Next public performance: San Carlos Home Town Days

May 12, 2009

When: Sunday, May 17, at 2:30PM

Where: Stage #1, near the corner of Cedar Street and Arroyo Avenue, in San Carlos

For more information: http://www.sancarloshometowndays.com/docs/HTDProgram09.pdf

Come on down and join us as we “Celebrate Home” at the San Carlos Home Town Days festival. We’ll perform favorite violin music AND special country fiddle tunes to match the festivities.

The Music Within Us violinists, ages 3 to 10, will perform as an ensemble and share with you their passion for music and learning.

Come and be inspired, entertained, and enchanted!


Trusting the process

May 10, 2009

My parents recently came to visit me in California, and one of the things I asked them to do was to cook ten of my favorite childhood Chinese dishes while I videotaped the process. I have always wanted to write down the “how to’s” of these family food traditions, but recipes are just not the way we cook in our family. It’s all about using the senses – how something is supposed to look, smell, and feel at various stages of the cooking process. The final taste is something embedded in the memory, and you know right away if you’ve gotten it right or not.

Tonight I decided to try cooking one of those dishes myself, without my parents’ supervision, without their years of experience to guide me – only the videotaped clips of their hands doing this work several weeks ago. Read the rest of this entry »


The Biggest Loser = The Biggest Learner

May 6, 2009

I’m learning a lot about learning in my job as a teacher. I’m discovering how adept we humans are at finding the loopholes – ways to “meet the standard” by any means possible, without truly learning anything. I’ve been surrounded by a lot of “successful” people in my life, but by very few true learners. I realize that my goal in starting The Music Within Us was to create a community of learning. That means, a community of dedicated learners – both parents and children. Sometimes learning means acknowledging our failures and trying something different. Other times learning means celebrating successes and moving on as a different person. I would argue that our culture over-celebrates success, and under-recognizes the failures that support most success stories.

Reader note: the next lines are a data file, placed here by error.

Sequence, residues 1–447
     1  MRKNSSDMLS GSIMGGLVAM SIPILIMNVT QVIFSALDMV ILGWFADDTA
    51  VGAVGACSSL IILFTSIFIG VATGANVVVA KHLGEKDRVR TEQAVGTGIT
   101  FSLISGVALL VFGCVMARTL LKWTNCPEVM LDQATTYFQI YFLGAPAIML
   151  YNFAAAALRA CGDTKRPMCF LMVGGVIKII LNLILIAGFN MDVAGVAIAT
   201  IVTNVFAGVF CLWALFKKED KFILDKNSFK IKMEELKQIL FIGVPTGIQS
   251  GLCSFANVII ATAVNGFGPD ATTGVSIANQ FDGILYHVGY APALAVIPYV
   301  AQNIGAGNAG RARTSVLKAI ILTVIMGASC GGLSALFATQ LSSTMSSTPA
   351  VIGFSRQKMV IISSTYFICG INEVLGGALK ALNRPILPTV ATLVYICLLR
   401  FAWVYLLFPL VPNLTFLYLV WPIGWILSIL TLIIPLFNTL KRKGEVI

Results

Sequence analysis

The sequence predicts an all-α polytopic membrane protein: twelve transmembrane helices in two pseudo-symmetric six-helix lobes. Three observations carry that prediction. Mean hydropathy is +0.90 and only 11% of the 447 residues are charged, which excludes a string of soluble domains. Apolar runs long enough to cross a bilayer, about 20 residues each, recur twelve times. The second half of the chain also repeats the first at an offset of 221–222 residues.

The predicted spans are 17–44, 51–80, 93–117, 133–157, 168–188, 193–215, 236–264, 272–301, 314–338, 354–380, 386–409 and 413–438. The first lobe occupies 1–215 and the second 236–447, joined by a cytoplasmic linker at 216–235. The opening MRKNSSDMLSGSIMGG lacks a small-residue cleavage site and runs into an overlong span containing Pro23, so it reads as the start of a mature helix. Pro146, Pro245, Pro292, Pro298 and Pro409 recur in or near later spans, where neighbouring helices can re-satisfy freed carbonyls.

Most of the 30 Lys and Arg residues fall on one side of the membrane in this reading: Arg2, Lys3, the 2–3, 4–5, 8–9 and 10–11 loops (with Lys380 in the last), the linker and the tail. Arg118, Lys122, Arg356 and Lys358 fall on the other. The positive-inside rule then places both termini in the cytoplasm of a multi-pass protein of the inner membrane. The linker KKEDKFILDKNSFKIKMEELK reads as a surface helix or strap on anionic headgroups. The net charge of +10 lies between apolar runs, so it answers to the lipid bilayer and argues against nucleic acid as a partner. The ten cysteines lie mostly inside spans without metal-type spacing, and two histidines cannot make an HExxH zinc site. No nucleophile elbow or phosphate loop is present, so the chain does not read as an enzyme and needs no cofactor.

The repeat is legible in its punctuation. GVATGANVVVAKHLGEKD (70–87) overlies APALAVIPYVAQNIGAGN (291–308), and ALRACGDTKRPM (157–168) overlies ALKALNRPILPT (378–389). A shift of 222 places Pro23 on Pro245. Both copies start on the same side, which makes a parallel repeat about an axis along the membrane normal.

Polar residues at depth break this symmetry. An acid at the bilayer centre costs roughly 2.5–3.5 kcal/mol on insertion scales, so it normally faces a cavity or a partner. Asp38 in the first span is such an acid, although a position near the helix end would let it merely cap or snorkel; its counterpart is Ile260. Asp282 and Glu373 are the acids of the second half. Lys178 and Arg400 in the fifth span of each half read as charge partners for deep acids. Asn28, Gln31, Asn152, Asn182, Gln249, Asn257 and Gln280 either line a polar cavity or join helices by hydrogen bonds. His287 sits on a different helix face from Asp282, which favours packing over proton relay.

This is why I love NBC’s The Biggest Loser so much. For those of you who don’t know this about me, I am fascinated with this show. I literally well up with emotion when I see the transformations that occur over the course of the seventeen-week seasons. The producers of the show clearly know a lot about learning, and they continue to learn each season about what it takes for real humans to undergo total transformation. They are also clearly going for nothing short of miraculous, total inside-out metamorphosis. Morbid obesity is a reflection of so many of our society’s failures. It is visible, so it grabs our attention. It makes for good television, which is another central part of our culture. It’s the perfect medium to reach the audience it intends to inspire – the millions of sedentary “couch potatoes” who have succumbed to what is so easy to do in our culture. By that I mean, to go through life doing what is popular and easy to do. In order to even try out for the show, each of these contestants has reached a breaking point in their lives, and recognition of the need for profound change. They enter this process with a willingness and commitment that has yet to be put to the test.

The contestants on The Biggest Loser may seem very different from “the average person” because of the way they look physically. Those of us who do not have weight problems might say, “Boy I’m glad I never let myself go like that.” But we would be wrong to think so. These people are humans, like all of us. They happen to have the genetic and behavioral combination that causes all of their lack of discipline in their lives to manifest as extra weight on their physical bodies. When they are not in control of their habits, it shows up as weight gain. It’s visible to the world. And in America, image is everything. At least on television.

So what better way to put these people and their process on display than in a competitive reality TV series, where each week they compete to lose the most weight, with elimination of one player per week, and, at the end of the season, have one of them ultimately be crowned “The Biggest Loser”?

If this were merely a weight loss show, where we tuned in to watch interpersonal dramas and see the numbers on a scale each week, I would have no interest at all in the show. If it were about contestants pleasing a panel of judges or acting in outrageous attention-getting ways, I would also have no interest.

But The Biggest Loser is truly about total transformation and learning. Read the rest of this entry »